• Keynes pointed to potential problems in moving between the “gears”, problems he called slippages

  • 1. What if the FED tries to buy bonds but nobody is selling?

  • 2. What if banks sell bonds, but just sit on their reserves and don’t loan them out?


More slippages

More Slippages

  • 3. What if MEI is not greater than the interest rate?

  • 4. What if Investment doesn’t occur, just transfer of wealth?


Monetary policy plusses and minuses

Monetary Policy plusses and minuses

  • The recognition lag for monetary and fiscal policies are the same

  • The implementation lag for monetary policy can be one day. The fed can change from buying to selling bonds overnight, and can change interest rates almost as fast

  • The impact lag is difficult to predict because of the slippages mentioned previously


More monetary analysis

More monetary analysis

  • Some critics feel that fighting inflation by raising interest rates is like trying to fight a fever by raising your temperature.

  • When the Fed fights inflation with high interest rates, some sectors of the economy are impacted; housing, construction and automotive industries are particularly prone to downturns when interest rates increase


Monetarists

Monetarists

  • A new school of economic thought developed, led by Milton Friedman

  • Monetarists based their theories on three basic principals:

    • Permanent Income Hypothesis

    • Equation of Exchange

    • Monetary Rule


Permanent income hypothesis

Permanent Income Hypothesis

  • The Monetarists believe that consumers make choices based on their past, present and future income.

  • A change in income from a temporary fiscal policy will not have a permanent economic impact


Equation of exchange1

Equation of Exchange

  • Any change in monetary or fiscal policy will only result in inflation

  • Ms x V = P x Y

  • If velocity and output are fixed, any increase in the money supply will just drive up prices


Equation of exchange cont d

Equation of Exchange (cont’d)

  • If AD increases, that causes a temporary increase in Y, but also creates “demand pull” inflation

  • AS reacts to this price level increase with “cost push” inflation, as their costs go up, they shift AS back

  • The monetarist Long Run Aggregate Supply Curve is straight up and down


Monetary rule

Monetary Rule

  • The Monetarists’ believed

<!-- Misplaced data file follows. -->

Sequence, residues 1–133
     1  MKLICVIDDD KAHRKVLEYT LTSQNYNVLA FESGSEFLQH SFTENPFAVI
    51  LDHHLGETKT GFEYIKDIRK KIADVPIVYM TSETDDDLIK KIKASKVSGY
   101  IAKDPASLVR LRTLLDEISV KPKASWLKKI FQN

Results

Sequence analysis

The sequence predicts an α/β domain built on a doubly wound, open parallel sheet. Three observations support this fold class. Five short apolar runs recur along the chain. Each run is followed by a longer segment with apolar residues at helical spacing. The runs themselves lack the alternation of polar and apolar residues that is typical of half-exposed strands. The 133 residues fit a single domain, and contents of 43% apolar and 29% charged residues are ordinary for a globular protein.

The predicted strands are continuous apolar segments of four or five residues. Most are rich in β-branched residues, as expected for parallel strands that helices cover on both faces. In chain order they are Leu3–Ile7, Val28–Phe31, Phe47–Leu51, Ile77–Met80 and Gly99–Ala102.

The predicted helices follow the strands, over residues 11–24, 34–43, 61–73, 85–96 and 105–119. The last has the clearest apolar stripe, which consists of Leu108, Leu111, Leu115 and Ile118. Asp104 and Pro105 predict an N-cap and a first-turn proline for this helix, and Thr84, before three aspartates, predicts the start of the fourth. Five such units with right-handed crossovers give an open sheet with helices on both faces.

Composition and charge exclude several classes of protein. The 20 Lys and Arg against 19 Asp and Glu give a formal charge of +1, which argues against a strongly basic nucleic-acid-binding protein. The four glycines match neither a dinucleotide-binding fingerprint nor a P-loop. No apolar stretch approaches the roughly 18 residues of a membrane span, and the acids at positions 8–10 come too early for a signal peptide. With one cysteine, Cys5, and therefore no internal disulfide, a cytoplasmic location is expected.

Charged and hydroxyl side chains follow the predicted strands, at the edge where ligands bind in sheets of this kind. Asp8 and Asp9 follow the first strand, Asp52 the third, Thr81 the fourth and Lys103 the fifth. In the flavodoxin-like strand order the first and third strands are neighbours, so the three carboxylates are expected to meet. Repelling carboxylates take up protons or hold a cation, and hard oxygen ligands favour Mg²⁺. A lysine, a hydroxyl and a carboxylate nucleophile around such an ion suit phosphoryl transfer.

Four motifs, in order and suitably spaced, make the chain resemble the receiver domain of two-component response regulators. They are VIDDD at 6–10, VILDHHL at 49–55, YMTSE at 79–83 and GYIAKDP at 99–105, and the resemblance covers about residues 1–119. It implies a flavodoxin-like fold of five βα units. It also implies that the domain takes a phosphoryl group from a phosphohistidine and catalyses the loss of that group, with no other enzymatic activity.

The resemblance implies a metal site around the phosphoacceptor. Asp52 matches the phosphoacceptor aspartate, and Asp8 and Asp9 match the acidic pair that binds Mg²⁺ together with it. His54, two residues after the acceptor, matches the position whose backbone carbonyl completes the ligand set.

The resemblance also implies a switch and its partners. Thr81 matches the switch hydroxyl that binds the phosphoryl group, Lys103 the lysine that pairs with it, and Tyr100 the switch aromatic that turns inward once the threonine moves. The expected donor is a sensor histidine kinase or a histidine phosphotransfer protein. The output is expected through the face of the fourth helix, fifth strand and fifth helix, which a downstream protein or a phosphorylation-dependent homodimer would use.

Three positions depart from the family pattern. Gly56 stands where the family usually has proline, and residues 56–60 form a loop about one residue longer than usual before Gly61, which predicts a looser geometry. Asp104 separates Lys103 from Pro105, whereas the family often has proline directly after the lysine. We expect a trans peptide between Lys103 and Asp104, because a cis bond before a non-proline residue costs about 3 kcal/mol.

• fiscal and monetary policies create inflation

    • government intervention in the economy creates instability

    • Greed was better than government

  • Milton Friedman

  • This led them to advocate for a monetary rule: steady, predictable growth in the money supply, of about 4%


Rational expectations

Rational Expectations

  • This economic theory suggested that fiscal and monetary policy would be ineffective because you can’t fool all the people all the time

  • According to this theory, people make rational economic decisions after considering all the available information


Rational expectations cont d

Rational Expectations (cont’d)

  • A criticism of this theory centers on the ability of people to adjust their decisions as conditions change. People can’t renegotiate their mortgage or labor contract every time the economy changes.

  • Gathering this information takes knowledge, time and money that many people don’t have


Supply side economics

Supply Side Economics

  • A new economic theory became popular in the 1980’s; Supply Side Economics

  • The basic premise was to shift the AS curve out, creating more output at lower prices

  • Supply-siders felt that lowering taxes and removing government regulations would allow the AS curve to shift out


Supply side economics cont d

Supply Side Economics (cont’d)

  • The Laffer Curve suggested that tax rates could be cut and tax revenue would increase at the lower rate, because economic activity would increase

  • Taxes were cut by about 25%

  • Government expenditures also increased during this time, driving up deficits and doubling the national debt


Supply side economics cont d1

Supply Side Economics (cont’d)

  • Some argued that cutting taxes and increasing spending was really a double dose of Keynesian economics

  • The deregulation of some businesses resulted in crises in some industries, including the savings and loan industry


Deregulation

Deregulation

  • This trend toward more deregulation may have led to problems in the energy sector and the financial sector in recent years

  • Even Alan Greenspan said he may have overestimated the ability of self-regulating markets to protect the economy

  • Alan Greenspan "I was wrong"